One of the most difficult parts of marketing a private practice is our inability to request client reviews or testimonials. Most businesses thrive on having their consumers write positive reviews online and tell others publicly of their experience. We’ve all seen requests from restaurants, coffee shops, clothing stores petitioning the buyer to “Let Us Know How We Did“ or “Write us a review and receive 10% off.” We often seek reviews to help our decision making when seeking a new product or location. So easy for most businesses, very problematic for those in the mental health service field.

Did you know that it is unethical, inappropriate, and unprofessional to ask a client to write a review about the counseling services they received with you? The ACA is very clear that counselors must not solicit testimonials from current, former, or any other person who received counseling services from that provider. Mental health professionals who do so are in direct violation of our counseling code of ethics. Even anonymous reviews are discouraged.

So why is this such a big deal? In short, it exerts undue influence and manipulates the power differential that may exist between counselors and clients. Requesting, or worse yet, requiring, a client to create a review of their counseling experience, even if it’s been positive or beneficial, is unethical.

As professional mental health providers we are required to adhere to strict standards of maintaining confidentiality of private health information. By suggesting a client divulge any portion of their private health information is inappropriate. Client have rights to have their experience and other details of their counseling record protected- this includes if they attended counseling, who their clinician was, how long they attended, when they attended, etc.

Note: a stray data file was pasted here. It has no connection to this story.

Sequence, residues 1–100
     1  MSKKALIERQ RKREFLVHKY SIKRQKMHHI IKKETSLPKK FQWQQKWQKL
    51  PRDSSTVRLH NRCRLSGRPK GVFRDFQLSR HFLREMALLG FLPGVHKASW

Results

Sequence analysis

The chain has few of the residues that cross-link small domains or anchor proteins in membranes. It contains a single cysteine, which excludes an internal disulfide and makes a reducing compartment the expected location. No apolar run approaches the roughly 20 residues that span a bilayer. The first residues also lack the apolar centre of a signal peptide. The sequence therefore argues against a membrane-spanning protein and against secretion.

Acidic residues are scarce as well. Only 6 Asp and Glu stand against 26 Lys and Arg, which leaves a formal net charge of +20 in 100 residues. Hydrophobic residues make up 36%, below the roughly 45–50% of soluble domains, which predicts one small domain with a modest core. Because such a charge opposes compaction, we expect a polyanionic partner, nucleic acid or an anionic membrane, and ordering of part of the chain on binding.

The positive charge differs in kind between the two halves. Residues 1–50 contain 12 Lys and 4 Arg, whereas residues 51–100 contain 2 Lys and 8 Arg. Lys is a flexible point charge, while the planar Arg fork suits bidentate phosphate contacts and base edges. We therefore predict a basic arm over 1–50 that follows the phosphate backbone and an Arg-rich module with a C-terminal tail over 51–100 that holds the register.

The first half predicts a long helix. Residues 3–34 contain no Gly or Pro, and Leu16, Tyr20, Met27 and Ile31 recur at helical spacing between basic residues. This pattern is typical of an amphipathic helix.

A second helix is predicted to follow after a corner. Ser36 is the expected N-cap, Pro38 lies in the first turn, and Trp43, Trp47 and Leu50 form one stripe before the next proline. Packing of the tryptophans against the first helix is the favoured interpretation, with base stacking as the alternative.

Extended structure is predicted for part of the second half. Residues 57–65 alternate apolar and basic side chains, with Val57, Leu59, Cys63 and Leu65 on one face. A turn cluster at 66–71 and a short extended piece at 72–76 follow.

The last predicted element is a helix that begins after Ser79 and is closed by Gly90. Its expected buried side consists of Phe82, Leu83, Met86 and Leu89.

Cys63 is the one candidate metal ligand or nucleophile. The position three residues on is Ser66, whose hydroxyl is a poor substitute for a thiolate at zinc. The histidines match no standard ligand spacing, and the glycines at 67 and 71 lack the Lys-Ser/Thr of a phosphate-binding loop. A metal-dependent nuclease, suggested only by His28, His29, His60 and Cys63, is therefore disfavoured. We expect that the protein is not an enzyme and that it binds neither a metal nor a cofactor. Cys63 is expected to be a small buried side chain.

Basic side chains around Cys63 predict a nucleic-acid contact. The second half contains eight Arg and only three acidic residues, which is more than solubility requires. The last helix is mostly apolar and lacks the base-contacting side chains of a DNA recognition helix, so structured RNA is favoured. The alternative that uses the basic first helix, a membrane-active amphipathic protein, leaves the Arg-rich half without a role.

So what about the clients who post their reviews without the counselor or anyone from the agency suggesting they do so? For the most part, counselors are in the clear IF there is no response back. As much as you would like to thank the client for their review, are suggest ways to mend any problems they experienced, this is NOT ok to comment publicly about. Any communication with the client, confirms you know them. So don’t respond back online, as much as you want to. Rather, wait until your next appointment if possible, to speak directly to them OR perhaps give them a call during business hours.

As mental health professionals, we are not only held to a high standard, we must also hold ourselves to an even higher one. Marketing efforts are key to a thriving business, but compromising the protection of clients by petitioning for reviews is a non-negotiable. Reviews are indeed helpful with marketing pursuits, very much the same way we use them to vet in or out any new place we want to try out. But don’t do it- don’t request, don’t recommend, don’t petition or don’t suggest in any way a client leaves you a public review. If they do it on their own accord, we must refrain from engaging back. No if’s, and’s or but’s. Your license is not worth a review- even a good one.